Honor’s affordable MagicBook 15 laptop, which was originally unveiled in China late last year, and then saw a global unveiling in February 2020, has finally made its way to our shores. Starting at a price of Rs 42,990, the electronics giant is targeting the regular college/office goers who need a device to draft up emails, use Microsoft Office, and in general, need a portable comuting device to carry comfortably in a backpack. Has Honor managed to nail down the fundamentals of a budget laptop with the MagicBook 15 in this day and age? Let’s find out in this detailed review.

Design, Build and Display

Honor has really put effort into the overall aesthetics of the MagicBook, aspects that usually get swept under the rug on devices priced under the Rs 50,000 mark. Instead of a plastic build, the MagicBook has an all-aluminium chassis that extends to nearly every component on the outside, including the lid and the underside. The laptop is relatively thin and weighs in at a comfortable 1.5kgs while the thickness is also respectable at 17mm. It does make sense since there are no heavy-duty internals such as a dedicated GPU which takes up a lot of space. Even with the 15-inch design, normal bags should be able to fit the laptop in quite easily. The device is available in a single Mystic Gray variant and the colour scheme is carried over to every part except the keys on the keyboard. Overall the build quality feels incredibly sturdy with no flex either on any part of the laptop. The hinge is quite flexible and an indention below the trackpad allows for an easy one-handed operation to open the lid to about a maximum of 140-degrees.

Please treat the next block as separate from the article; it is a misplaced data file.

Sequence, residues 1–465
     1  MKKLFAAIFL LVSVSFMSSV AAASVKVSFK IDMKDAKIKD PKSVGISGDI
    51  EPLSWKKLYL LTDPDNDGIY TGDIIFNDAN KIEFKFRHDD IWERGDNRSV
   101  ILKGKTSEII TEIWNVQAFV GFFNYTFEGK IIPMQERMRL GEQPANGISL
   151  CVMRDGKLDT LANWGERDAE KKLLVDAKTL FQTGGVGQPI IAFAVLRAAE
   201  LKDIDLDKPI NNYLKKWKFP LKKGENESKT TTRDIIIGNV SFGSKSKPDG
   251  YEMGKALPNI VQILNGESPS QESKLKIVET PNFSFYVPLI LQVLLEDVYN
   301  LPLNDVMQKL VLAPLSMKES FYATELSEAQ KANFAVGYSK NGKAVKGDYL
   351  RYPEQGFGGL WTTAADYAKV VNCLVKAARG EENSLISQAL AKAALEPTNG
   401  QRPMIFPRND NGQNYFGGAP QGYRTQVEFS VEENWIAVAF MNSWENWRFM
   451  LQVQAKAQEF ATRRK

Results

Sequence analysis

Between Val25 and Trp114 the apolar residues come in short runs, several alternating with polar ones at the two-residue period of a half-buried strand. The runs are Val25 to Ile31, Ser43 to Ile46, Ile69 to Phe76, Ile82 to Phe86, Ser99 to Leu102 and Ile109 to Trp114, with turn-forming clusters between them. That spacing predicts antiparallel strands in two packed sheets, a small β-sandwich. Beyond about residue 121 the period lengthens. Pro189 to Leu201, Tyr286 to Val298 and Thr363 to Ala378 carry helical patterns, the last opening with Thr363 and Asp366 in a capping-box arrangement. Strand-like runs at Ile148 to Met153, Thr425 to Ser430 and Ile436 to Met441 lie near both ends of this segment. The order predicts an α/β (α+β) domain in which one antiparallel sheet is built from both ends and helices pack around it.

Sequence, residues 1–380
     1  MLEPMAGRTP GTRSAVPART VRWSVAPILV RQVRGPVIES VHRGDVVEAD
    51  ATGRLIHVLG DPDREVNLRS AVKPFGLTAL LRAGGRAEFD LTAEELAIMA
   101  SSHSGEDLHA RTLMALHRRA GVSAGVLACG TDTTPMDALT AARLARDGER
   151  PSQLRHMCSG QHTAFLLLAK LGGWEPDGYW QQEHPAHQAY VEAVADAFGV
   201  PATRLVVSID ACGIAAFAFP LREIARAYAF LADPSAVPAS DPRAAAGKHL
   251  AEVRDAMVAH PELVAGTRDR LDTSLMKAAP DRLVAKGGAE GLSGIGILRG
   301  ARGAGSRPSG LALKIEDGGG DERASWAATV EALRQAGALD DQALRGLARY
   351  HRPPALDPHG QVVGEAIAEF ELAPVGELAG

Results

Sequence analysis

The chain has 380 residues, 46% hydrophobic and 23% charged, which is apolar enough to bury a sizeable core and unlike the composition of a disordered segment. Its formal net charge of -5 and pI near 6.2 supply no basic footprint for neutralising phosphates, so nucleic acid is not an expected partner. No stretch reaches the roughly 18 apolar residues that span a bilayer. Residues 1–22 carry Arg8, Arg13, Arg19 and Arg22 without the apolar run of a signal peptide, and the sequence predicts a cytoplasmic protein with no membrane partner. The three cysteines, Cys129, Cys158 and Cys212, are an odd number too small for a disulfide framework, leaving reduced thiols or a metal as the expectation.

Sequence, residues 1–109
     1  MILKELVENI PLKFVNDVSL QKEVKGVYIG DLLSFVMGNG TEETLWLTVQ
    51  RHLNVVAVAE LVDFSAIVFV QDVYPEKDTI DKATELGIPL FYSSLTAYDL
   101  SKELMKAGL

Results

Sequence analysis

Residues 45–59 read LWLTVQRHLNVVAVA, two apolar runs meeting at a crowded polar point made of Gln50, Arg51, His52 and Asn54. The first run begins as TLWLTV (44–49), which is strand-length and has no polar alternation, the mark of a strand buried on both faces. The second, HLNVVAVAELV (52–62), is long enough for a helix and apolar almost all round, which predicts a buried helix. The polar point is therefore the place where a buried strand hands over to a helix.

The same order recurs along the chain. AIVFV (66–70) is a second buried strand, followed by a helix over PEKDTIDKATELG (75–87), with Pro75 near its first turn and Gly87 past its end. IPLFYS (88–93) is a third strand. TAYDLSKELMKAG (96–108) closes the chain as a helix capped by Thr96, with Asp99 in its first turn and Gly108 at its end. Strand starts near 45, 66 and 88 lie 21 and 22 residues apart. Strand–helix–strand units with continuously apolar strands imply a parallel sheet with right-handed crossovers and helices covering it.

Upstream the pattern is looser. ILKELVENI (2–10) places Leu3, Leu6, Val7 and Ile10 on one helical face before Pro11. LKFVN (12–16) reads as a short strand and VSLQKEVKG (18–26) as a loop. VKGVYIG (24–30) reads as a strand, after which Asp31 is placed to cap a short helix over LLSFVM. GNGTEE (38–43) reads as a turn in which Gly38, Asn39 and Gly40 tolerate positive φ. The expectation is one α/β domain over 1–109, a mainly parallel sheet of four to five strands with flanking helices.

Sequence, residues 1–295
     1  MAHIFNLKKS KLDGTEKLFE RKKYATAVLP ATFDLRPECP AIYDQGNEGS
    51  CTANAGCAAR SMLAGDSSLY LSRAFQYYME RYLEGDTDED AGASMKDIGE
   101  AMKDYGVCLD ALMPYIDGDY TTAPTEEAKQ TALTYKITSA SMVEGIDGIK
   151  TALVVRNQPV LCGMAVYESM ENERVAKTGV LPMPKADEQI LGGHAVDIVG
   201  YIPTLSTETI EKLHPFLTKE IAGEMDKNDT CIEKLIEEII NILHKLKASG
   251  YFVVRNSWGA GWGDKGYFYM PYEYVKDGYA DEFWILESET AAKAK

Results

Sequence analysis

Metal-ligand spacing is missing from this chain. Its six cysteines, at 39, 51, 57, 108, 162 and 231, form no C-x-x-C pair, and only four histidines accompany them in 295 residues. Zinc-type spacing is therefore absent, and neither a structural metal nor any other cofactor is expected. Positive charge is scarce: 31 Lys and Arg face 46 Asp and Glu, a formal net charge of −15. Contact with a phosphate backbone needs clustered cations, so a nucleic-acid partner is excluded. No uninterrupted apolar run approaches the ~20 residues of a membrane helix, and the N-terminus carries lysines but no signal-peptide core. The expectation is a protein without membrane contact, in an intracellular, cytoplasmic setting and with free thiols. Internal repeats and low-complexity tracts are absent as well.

Talking about the ports, you get all the normal connectivity options as can be expected on a budget-oriented device. On the right, there is a USB Type-A port with USB 2.0 support and a 3.5mm headphone jack slot. The left of the device sports an HDMI port, plus a USB Type-A and a USB Type-C port, both of which come with USB 3.2 Gen 1 support.